Chiropractic care is a very common alternative treatment for fibromyalgia pain. People use it to treat pain of pressure points, back pain, neck pain, shoulder pain, headaches, and pain from musculoskeletal injuries. Chiropractic may be effective for fibromyalgia because it helps improve pain levels and increases cervical and lumbar ranges of motion. Chiropractic is based on the principle that the body is a self-healing organism. To reduce pain and increase healing, the doctor of chiropractic uses spinal adjustments. The goal is to increase the mobility between spinal vertebrae, which have become restricted, locked, or slightly out of proper position. With gentle pressure or stretching, multiple gentle movements of one area, or specific high-velocity thrusts, the adjustments are said to help return the bones to a more normal position or motion. This return is said to relieve pain and reduce ill health.
Alternative Fibromyalgia Treatment -- Electroacupuncture and Laser Acupuncture
Electroacupuncture is another way of stimulating the acupuncture points. It uses a needle hooked up to small wires connected to very slight electrical currents. Heat (moxibustion) and massage (acupressure) can also be used during this electroacupuncture process. Laser acupuncture is yet another offshoot of this alternative therapy. It may occasionally be effective for the treatment of carpal tunnel syndrome. While it uses the same points, there are no needles involved.
Alternative Fibromyalgia Treatment - Acupuncture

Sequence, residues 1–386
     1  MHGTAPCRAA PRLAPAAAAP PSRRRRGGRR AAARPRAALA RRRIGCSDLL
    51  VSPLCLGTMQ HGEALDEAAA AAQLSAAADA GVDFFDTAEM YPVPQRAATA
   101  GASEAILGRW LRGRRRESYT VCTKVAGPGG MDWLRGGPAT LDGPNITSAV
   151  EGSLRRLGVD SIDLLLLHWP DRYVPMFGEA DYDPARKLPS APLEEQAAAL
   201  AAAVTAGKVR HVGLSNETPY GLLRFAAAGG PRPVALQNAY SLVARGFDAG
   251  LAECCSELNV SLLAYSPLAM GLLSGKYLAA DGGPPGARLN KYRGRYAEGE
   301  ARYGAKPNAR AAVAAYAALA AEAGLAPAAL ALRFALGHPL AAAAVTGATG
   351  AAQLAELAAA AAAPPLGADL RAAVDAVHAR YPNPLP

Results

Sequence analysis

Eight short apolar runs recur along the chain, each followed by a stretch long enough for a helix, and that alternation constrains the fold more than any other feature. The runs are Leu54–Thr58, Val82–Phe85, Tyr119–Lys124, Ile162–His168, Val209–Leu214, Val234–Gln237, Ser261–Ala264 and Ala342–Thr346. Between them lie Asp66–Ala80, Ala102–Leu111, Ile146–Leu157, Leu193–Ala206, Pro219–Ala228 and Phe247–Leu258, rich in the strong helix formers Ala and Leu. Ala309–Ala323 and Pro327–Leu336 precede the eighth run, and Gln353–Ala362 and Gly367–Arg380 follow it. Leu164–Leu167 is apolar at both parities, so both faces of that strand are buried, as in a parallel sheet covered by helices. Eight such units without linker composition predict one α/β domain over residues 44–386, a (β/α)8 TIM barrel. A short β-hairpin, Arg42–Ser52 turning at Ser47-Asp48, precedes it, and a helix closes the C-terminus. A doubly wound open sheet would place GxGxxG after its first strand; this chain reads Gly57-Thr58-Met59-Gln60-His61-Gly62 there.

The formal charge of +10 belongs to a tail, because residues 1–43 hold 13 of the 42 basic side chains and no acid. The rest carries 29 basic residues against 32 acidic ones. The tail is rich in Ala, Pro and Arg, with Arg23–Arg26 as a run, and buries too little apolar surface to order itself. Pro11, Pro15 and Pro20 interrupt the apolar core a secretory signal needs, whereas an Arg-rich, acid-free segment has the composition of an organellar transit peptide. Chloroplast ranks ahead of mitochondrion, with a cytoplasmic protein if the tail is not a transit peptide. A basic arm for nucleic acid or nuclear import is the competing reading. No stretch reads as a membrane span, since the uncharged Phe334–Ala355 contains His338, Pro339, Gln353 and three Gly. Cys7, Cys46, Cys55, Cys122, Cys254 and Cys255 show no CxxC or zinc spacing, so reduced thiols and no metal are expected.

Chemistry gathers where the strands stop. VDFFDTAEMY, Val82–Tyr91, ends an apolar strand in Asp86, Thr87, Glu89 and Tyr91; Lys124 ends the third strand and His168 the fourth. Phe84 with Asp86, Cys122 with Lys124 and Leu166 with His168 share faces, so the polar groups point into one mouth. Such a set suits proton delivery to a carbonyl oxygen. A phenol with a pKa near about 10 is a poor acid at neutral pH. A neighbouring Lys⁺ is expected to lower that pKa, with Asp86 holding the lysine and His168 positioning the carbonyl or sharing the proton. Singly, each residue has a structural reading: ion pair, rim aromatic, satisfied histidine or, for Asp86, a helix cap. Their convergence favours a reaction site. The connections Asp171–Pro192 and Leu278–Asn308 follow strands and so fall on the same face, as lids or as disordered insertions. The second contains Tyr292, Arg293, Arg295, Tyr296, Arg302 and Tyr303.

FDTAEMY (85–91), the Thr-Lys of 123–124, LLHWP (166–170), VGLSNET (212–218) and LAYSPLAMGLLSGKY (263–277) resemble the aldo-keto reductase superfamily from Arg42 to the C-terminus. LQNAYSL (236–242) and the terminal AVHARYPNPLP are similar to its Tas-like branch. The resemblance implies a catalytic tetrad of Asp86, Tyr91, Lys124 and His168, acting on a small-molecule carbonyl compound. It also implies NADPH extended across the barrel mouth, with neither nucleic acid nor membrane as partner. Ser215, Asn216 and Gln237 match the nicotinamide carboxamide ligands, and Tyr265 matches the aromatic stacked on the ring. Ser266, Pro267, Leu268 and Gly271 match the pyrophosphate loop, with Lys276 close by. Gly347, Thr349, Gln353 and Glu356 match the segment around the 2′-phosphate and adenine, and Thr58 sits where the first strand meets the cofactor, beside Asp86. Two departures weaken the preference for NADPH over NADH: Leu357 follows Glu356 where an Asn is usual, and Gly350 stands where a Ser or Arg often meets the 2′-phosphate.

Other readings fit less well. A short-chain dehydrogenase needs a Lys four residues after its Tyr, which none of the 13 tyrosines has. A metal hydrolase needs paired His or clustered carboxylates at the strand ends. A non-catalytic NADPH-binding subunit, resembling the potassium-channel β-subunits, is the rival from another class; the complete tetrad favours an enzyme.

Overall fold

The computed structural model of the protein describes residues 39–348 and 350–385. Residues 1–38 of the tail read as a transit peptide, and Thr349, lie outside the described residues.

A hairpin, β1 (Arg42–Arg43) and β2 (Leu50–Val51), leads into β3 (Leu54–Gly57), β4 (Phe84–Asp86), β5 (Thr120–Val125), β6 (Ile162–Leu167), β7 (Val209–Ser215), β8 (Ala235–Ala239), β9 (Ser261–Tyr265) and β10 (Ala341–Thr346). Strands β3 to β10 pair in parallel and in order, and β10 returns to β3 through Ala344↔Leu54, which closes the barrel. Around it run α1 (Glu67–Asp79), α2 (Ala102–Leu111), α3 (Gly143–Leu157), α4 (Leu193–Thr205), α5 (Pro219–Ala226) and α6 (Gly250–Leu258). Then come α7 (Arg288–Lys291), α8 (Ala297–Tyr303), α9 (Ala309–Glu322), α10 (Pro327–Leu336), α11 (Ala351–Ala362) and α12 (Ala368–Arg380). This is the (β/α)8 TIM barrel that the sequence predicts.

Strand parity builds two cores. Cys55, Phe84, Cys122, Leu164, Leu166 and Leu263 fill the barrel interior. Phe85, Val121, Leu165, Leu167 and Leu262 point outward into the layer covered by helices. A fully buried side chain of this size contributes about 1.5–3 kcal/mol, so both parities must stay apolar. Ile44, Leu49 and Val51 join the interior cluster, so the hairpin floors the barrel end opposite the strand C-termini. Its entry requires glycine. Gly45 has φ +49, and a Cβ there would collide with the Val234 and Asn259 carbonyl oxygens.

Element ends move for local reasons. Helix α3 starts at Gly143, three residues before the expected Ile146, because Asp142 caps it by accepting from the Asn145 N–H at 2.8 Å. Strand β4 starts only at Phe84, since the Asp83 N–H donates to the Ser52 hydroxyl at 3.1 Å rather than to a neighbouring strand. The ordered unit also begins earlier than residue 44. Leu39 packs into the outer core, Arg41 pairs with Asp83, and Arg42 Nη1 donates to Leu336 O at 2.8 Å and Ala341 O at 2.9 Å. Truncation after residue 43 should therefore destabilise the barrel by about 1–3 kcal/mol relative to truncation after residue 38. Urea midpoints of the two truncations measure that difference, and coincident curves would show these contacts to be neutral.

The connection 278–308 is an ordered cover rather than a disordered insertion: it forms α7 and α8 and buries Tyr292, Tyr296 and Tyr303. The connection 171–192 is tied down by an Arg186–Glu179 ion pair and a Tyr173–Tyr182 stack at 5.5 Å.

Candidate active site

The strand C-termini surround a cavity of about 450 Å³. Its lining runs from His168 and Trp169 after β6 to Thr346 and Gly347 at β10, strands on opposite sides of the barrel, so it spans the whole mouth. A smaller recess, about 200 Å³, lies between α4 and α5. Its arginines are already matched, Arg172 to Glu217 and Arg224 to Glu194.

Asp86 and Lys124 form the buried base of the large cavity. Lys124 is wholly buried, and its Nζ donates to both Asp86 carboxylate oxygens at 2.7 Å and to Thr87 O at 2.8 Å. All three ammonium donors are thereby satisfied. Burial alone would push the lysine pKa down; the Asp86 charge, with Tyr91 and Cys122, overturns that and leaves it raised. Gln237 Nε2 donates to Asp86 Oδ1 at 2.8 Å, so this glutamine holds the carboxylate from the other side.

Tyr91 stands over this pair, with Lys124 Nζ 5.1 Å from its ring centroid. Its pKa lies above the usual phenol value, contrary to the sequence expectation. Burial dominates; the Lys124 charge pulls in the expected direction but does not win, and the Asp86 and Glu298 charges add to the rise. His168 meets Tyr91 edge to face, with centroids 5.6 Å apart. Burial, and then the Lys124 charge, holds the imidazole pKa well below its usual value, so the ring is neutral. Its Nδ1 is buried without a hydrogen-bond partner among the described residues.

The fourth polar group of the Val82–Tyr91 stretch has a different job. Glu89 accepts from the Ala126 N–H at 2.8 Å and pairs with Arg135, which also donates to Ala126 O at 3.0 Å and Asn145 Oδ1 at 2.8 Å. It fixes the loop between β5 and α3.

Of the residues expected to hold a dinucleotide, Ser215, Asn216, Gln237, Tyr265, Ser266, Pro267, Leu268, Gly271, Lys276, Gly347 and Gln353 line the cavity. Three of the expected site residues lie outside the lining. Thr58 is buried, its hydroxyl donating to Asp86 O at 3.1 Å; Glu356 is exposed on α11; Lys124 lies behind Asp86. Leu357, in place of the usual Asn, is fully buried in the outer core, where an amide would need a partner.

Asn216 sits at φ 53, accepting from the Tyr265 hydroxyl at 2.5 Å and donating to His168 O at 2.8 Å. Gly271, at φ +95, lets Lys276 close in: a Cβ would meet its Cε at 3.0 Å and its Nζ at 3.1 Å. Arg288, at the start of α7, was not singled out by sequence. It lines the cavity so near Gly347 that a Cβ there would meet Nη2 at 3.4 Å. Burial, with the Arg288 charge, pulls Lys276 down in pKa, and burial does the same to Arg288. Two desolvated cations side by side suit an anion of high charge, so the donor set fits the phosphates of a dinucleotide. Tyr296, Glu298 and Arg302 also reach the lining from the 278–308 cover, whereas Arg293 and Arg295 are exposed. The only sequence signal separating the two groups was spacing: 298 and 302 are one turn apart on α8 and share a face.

With acupuncture, a practitioner inserts one or more dry needles into the skin and underlying tissues at specific points. Gently twisting or otherwise manipulating the needles causes a measurable release of endorphins into the bloodstream. Endorphins are the body's natural opioids. In addition, according to acupuncture practitioners, energy blocks are removed. Removing them is said to restore the flow of energy along the meridians, which are specific energy channels. Studies show that acupuncture may alter brain chemistry. It appears to do this by changing the release of neurotransmitters. These neurotransmitters stimulate or inhibit nerve impulses in the brain that relay information about external stimuli and sensations such as pain. In this way, the patient's pain tolerance is increased. One acupuncture treatment in some patients may last weeks to help alleviate chronic pain.
Alternative Treatments for Fibromyalgia
For people with fibromyalgia, some alternative treatments work well. That's because holistic therapies influence your total being. In that way, they may allow you to reduce your medications and increase your normal activities. Some of the more popular alternative treatments are discussed on the following slides. Check to see what limitations might apply to you. Working with your doctor, you can find an acceptable way to blend conventional medicine with alternative treatments or natural remedies. When you do, you may be able to increase restful sleep and reduce your fibromyalgia pain.